CAMPPENDLETON.  Few stories better illustrate the military’s promise to leave no one behind than that of Staff Sgt. Reckless, a horse who became a decorated Marine during the Korean War.

Plans have begun to honor the horse, once left behind in Korea. A Marine officer purchased Reckless from a Korean boy who needed money to buy his sister an artificial leg, according to Marine Lt. Col. Andrew Geer, who commanded the 2nd Battalion, 5th Regiment of the 1st Division in Korea.

Geer wrote two articles about the horse for The Saturday Evening Post in the 1950s and later wrote a book, “Reckless, the Pride of the Marines.” The horse served at the bloody Battle of Vegas after training as an ammunitions carrier, according to Geer. He wrote:

“Every yard she advanced was showered with explosives. Fifty-one times she marched through the fiery gantlet of the Red barrage and she saved the day for the Leathernecks.”

Bob Rogers, a former Navy corpsman who now lives in Kansas, remembers Reckless wandering around a military camp in Korea wearing a blanket bearing stripes and her Purple Heart. Rogers said in a recent interview that he is planning a statue to honor the horse. The location has yet to be decided. Rogers said Reckless had a weakness for rations. “We’d go out for the day and return to a wrecked tent,” he said. “Reckless could smell any goodies, especially cookies, and would find them guaranteed!

“A lieutenant, myself and others were in a circle talking. Reckless came up behind one fellow and nuzzled the back of his neck.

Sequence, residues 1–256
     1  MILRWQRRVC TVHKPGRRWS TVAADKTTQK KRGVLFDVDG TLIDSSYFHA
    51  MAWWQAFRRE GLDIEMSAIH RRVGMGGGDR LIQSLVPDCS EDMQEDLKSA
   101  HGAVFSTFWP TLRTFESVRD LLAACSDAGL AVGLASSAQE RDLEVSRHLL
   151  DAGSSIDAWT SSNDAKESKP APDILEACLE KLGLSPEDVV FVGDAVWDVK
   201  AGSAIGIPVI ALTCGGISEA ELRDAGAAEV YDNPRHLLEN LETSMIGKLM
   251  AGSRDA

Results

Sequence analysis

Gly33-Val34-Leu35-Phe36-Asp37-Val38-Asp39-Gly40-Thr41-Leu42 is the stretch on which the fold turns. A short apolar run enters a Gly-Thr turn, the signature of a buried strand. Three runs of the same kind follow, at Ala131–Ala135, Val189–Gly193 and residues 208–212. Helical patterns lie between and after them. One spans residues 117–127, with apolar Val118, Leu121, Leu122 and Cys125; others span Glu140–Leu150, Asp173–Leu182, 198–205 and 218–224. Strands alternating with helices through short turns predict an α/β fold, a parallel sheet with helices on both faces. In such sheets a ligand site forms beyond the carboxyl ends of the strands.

It scared the guy, and he cussed Reckless, calling her a “blanking nag.” The
lieutenant sternly let him know Reckless was a hero and had done more for the
Marine Corps than he ever would. And since Reckless outranked him, any further verbal abuse would be cause for disciplinary action. “I had the honor of being in
formation when Cpl. Reckless was promoted to sergeant,” saidRogers, 70.

Reckless was left in South Korea as her Marine buddies returned home, but after publication of Geer’s article, Post readers and friends of the horse arranged to bring her to the United States. In preparation for her transfer to Camp Pendleton, Geer wrote the Commandant of the Marine Corps in Washington, D.C.:

“The undersigned is in hearty agreement that Reckless should bestationed at Camp
Pendleton. . . . It should be kept in mind, however, that this is no ordinary horse and she should have special care and attention. . . . It is suggested her court be in the
vicinity of the Commanding General’s quarters andproperly marked with
appropriate sign, so that all will know this to be the home of Sergeant Reckless, Pride of the Marines.

“… Her shoes should be removed and she be allowed to go barefoot for a period of six weeks,” Geer contiued. “At that time, her feet should be trimmed and new shoes fitted. Only the most knowing and patient horseshoer should be employed. Sergeant Reckless is extremely proud of her feet and will not stand for inexpert attention. Several Korean horseshoers will painfully attest to this statement.”

The memo continued, “During the heat of Korea, when potable water was scarce or non-existent,Reckless came to know and like certain liquids other than water. She is fond of coca cola and milk. Under the stress of battle she has been known to drink beer.

Geer cautioned the commandant about a producer with plans to portray Reckless as a chatty horse modeled after the 1950 movie, “Francis, the Talking Mule.” “One is a Hollywood clown and the other a gallant Marine who won honors in one of the bloodiest battles fought by American troops,” he wrote. In 1959, five years after arriving at Camp Pendleton, Reckless was promoted to a staff sergeant.

Retirement, however, did not mean that her exploits are at an end, because the fame of Reckless has spread far and wide, and good Marines, unlike some, do not fade away. Semper fidelis,  always faithful, was never a more fitting motto than in the example of this horse.

Reckless died in 1968 and was survived by three offspring.